Discover the comprehensive provisional patent process to file new applications with the USPTO. Obtaining provisional patent protection can safeguard inventions before filing the non-provisional utility patent. The provisional patents protect inventions for 12 months. During this period, inventors can reach out to investors and test their product’s commercial applications. If required, inventors can also implement necessary refinements to increase the likelihood of future patent approval. As a novel inventor yourself, obtaining a provisional patent could be an affordable way to start protecting your invention from competitors and potential copycats. Plus, the patent-pending status in the United States can help establish an early filing date for your invention. Keep reading to learn the provisional patent process for filing a new application.
Consider If You Need A Provisional Patent
First, consider if your invention needs to go through the provisional patent process or not. You may also get a provisional patent when your invention is still in development. Filling a provisional patent will help you to move into production and distribution of your product, preventing it from getting copied. Additionally, if you are going for a pitching session with your invention to seek investment, it will help you to protect your idea. USPTO’s ‘first-to-file’ rule always favors the first candidate while issuing patent protection. For competitive products, getting your patent filled with all the paperwork will get the process started quickly. Definitely, get in touch with a professional attorney to know if you need a provisional patent.
Prepare Your Provisional Patent Filing Information
The next step of the provisional patent process is to prepare application filing information. Your application must contain the necessary information for seamless approval. This information includes – a written description, names of all inventors, relevant addresses, and a cover sheet. To write a compelling description, add product uses, design structures, and real-world applications. In some cases, your patent application may also require relevant drawings to describe the invention. These drawings may include sketches, illustrations, flowcharts, and photographs. Partner with an experienced attorney to ensure your application complies with provisional patent requirements. Professional patent attorneys help gather necessary information on your behalf. Definitely, prepare the necessary information to file a provisional patent application.
File Your Provisional Patent Online
USPTO’s provisional patent process allows inventors to file an online application. Ideally, start the provisional patent process before public disclosure or as early as possible. While submitting an online application, you’ll be required to pay accompanying fees. These filing charges primarily depend on your invention’s classification – large, small, or micro. Top-rated patent attorneys assist inventors throughout the patent filing process. In fact, these experts can complete and submit the entire application with USPTO. Before filing, your attorney may ask several questions to understand your invention. Indeed, get in touch with a patent attorney to file your provisional patent online.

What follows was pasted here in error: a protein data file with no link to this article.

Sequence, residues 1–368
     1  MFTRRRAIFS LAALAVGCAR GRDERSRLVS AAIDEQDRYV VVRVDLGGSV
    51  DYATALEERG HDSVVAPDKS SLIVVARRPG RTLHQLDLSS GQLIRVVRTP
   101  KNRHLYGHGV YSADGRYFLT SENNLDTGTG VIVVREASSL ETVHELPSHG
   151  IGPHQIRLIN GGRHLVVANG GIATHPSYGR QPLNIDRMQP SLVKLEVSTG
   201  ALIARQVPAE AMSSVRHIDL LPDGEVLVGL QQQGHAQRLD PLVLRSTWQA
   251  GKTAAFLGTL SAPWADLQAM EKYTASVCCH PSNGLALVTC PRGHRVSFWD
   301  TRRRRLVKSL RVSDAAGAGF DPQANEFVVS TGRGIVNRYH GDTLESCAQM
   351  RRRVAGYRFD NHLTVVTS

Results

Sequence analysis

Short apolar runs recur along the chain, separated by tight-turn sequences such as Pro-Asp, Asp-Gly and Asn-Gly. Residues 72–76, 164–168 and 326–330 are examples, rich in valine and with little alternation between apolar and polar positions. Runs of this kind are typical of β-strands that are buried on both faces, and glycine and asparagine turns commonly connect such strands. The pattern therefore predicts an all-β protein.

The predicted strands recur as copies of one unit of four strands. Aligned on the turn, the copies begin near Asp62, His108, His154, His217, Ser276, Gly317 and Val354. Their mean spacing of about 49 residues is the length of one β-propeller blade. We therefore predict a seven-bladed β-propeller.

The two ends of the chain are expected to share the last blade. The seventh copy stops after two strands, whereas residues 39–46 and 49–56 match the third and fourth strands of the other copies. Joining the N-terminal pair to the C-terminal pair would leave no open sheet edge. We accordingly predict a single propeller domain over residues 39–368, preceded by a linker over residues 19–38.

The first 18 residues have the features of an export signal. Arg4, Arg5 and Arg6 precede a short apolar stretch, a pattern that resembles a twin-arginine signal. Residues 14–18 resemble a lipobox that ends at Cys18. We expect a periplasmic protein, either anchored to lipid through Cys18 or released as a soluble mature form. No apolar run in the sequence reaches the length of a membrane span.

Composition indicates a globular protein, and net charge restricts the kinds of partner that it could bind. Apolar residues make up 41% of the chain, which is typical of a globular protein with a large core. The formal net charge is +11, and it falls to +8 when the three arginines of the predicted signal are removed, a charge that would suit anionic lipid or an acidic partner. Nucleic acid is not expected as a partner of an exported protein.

Follow Provisional Patent Filing Dates
Inventors should follow provisional patent filing dates for a seamless process. You can file a provisional patent application within 12 months of public disclosure of the invention. Note that the publications, use, sale, or other activity about the invention to the public qualifies as public disclosure. Even though pre-filing disclosure is protected in the United States, it may prevent you from obtaining patents in other countries. However, a disclosure more than 1 year before can cost investors a patent even in the US. Although it is necessary to submit a drawing with the application, you will receive a filing date regardless. However, it is crucial to note that the drawing cannot be added after the filing date. Moreover, you can’t modify or edit applications that do not comply with the patent statute and all application regulations. Certainly, follow the proper provisional patent filing dates for a flawless process.
Avoid Common Provisional Patent Filing Mistakes
With the provisional patent process, avoid common filing mistakes for immediate approval. Provisional patents are non-renewable and always expire after 12 months. Do not file a provisional patent if you need more than a year to submit the utility application. Additionally, avoid writing a brief description while submitting your patent application. Instead, include as many relevant details as possible to clearly describe the invention – considering USPTO keeps this information private. You should also watch out for inexperienced patent attorneys or agents. Working with these agents may risk patent approval from the USPTO down the road. Instead, choose a reliable patent attorney with years of filing experience. Indeed, avoid these common filing mistakes to complete your provisional patent process.
Inventors can follow a straightforward provisional patent process to file a new application. First, consider if your invention requires a provisional patent or not. Next, prepare your patent filing information – including a comprehensive description, inventor details, and relevant drawings. Once you have the necessary information, hire a provisional patent attorney to draft and submit an online application. Comply with patent filing dates to protect your invention on time. Additionally, you should avoid common mistakes for seamless approval from USPTO. Follow the points above to learn about the provisional patent process.